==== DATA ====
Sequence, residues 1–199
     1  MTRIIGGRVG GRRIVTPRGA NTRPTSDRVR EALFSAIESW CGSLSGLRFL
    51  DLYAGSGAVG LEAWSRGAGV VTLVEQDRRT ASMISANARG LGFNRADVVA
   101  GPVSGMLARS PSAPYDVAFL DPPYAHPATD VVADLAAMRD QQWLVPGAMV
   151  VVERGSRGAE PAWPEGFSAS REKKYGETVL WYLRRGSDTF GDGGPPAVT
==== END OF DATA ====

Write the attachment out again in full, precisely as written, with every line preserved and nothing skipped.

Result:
Sequence, residues 1–199
     1  MTRIIGGRVG GRRIVTPRGA NTRPTSDRVR EALFSAIESW CGSLSGLRFL
    51  DLYAGSGAVG LEAWSRGAGV VTLVEQDRRT ASMISANARG LGFNRADVVA
   101  GPVSGMLARS PSAPYDVAFL DPPYAHPATD VVADLAAMRD QQWLVPGAMV
   151  VVERGSRGAE PAWPEGFSAS REKKYGETVL WYLRRGSDTF GDGGPPAVT